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27 November 2013 12:59 pm ,
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The new head of the National Center for Science Education promises to "fight the good fight" against attacks on...
Analyses of the H7N9 strains isolated from four new cases show that the virus is evolving rapidly, heightening anxiety...
In 2009, Jack Szostak shared a Nobel Prize for his part in discovering the role of telomeres, the end bits of...
Science has exposed a thriving academic black market in China involving shady agencies, corrupt scientists, and...
Paper-selling agencies flourish in the aura of reputable businesses. For some scientists, it may be difficult to tell...
Data collected by satellites and floating probes have chronicled a 2-decade rise in the temperature and thickness of a...
Cholesterol, the artery-clogging molecule that contributes to cardiovascular disease, has another nasty trick up its...
Until recently, the Defense Advanced Research Projects Agency (DARPA) kept its plans for its $70 million portion of the...
- 27 November 2013 12:59 pm , Vol. 342 , #6162
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Cell Lines Lost in Flood at Copenhagen Biobank
8 July 2011 4:46 pm
Last weekend's flooding in Copenhagen has destroyed hundreds of cell lines at the Danish Cancer Society's Biobank. Scientists are still working to assess the full damage, says Jørgen Olsen, the head of the biobank; they have been able to salvage more than 1 million tissue samples, however, including those from a 20-year prospective study of nutrition and cancer.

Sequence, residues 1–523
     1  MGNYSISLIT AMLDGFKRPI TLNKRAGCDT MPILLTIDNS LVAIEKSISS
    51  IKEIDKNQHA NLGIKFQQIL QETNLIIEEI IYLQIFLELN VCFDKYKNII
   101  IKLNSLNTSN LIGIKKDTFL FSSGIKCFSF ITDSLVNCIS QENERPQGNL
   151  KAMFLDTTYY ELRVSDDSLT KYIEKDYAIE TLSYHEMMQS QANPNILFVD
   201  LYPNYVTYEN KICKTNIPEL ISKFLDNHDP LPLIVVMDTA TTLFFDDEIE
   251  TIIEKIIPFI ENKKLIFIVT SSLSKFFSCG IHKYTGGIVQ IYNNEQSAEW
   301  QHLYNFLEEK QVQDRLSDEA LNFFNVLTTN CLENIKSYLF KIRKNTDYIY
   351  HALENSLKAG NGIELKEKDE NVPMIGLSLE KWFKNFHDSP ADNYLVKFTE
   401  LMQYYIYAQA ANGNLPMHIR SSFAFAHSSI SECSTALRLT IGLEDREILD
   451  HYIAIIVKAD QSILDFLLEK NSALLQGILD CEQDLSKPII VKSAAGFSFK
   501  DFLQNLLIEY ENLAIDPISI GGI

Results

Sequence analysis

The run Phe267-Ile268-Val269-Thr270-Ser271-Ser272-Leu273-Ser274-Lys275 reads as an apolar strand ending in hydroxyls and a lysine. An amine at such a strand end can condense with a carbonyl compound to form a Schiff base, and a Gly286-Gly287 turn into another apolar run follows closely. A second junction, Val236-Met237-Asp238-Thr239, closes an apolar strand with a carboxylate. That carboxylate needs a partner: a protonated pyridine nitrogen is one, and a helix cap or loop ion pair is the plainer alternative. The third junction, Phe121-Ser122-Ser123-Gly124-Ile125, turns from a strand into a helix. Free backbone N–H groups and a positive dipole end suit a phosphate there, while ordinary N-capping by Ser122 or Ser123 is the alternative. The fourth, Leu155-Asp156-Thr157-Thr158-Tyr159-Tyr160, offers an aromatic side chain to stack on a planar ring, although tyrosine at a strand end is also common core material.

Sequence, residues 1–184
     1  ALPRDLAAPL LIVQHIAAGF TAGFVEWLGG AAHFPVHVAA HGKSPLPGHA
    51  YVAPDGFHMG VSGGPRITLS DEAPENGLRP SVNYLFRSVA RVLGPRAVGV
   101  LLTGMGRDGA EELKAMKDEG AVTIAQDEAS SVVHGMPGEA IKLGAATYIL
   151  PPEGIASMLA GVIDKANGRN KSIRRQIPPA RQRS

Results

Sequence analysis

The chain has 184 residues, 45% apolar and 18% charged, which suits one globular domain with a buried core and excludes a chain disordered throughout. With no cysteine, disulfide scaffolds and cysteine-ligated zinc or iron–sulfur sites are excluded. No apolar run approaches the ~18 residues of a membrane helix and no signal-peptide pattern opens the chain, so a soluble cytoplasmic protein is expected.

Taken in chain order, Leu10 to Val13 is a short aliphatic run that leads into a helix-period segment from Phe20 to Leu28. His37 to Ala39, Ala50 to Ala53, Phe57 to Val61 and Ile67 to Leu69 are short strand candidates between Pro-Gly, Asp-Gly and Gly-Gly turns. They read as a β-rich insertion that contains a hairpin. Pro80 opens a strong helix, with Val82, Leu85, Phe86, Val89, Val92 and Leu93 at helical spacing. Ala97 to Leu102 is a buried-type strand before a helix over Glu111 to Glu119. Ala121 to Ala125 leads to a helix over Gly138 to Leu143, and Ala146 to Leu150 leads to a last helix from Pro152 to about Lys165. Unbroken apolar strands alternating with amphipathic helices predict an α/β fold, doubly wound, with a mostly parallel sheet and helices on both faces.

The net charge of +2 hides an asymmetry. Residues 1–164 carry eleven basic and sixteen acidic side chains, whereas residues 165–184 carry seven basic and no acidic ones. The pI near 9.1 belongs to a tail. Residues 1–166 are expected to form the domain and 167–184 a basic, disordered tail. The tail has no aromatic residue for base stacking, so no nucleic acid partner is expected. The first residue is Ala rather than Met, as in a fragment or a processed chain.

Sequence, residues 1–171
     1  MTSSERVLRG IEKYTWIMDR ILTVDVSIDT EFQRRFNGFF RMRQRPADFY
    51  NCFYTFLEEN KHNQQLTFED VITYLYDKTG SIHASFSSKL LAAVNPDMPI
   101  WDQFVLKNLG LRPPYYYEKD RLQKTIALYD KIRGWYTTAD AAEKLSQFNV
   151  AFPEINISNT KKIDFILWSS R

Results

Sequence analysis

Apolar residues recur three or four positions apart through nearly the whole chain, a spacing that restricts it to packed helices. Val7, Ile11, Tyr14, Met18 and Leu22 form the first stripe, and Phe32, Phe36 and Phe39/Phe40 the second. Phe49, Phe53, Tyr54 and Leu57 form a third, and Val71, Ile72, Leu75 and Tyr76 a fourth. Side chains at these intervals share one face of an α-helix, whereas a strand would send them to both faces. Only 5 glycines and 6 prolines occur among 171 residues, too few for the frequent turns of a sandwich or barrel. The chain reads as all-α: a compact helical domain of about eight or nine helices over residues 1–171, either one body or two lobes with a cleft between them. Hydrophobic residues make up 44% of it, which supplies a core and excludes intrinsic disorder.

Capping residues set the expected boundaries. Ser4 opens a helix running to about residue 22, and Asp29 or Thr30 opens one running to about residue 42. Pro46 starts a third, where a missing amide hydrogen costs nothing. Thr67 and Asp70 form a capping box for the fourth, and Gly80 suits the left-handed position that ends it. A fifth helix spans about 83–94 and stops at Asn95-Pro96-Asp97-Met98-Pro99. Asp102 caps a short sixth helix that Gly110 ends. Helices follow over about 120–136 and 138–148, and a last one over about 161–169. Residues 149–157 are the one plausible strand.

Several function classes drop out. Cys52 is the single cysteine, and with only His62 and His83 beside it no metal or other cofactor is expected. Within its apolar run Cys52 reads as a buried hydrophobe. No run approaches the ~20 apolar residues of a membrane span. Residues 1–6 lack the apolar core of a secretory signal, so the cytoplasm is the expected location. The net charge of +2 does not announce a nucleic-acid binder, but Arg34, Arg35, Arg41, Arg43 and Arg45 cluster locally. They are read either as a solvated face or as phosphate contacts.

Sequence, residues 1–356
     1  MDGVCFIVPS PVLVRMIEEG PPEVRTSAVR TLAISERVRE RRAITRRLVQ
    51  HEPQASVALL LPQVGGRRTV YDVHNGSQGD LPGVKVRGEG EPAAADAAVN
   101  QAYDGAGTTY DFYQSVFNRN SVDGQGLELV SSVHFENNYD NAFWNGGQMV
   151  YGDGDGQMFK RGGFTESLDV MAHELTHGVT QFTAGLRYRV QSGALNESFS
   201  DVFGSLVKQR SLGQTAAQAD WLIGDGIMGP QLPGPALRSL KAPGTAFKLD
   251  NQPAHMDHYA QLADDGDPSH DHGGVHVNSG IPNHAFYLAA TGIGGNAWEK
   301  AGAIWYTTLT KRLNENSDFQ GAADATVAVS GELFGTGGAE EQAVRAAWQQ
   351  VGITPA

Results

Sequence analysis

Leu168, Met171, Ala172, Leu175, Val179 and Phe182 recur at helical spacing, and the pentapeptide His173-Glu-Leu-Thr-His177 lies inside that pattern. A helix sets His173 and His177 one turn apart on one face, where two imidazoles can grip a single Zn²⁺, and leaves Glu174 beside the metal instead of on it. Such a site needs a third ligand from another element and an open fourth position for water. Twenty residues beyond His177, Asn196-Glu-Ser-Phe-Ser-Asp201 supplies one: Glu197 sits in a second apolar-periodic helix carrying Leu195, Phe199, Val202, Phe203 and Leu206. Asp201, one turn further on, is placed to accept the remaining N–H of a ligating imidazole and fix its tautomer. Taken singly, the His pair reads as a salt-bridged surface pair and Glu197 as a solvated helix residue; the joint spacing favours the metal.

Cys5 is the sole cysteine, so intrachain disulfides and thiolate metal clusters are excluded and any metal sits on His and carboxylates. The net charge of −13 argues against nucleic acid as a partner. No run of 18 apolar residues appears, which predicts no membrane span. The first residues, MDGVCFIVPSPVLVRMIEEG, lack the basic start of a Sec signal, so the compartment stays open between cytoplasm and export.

Heavy rains flooded Copenhagen's streets and sewers on Saturday, causing extensive damage across the city. The cancer society's basement filled with 2 meters of water in about half an hour on Saturday evening, Olsen says. "That was about 20 centimeters too high for the freezers," he says, which filled with water, thawing the cell lines and tissue samples. Researchers weren't able to reach their samples until mid-day Sunday, when the water had partially receded. By that time, a refrigerated van had arrived from Jutland, allowing researchers to refreeze the samples.
The cell lines are unlikely to survive the thaw, but the tissue samples are less delicate, Olsen says. "It doesn't matter that they were warmed up for a few hours, as long as you freeze them down again," he says. Some of the lost cell lines were shared with other laboratories and can be retrieved, but Olsen estimates that many dozens have been lost permanently. He says the cleanup and full damage assessment will take months.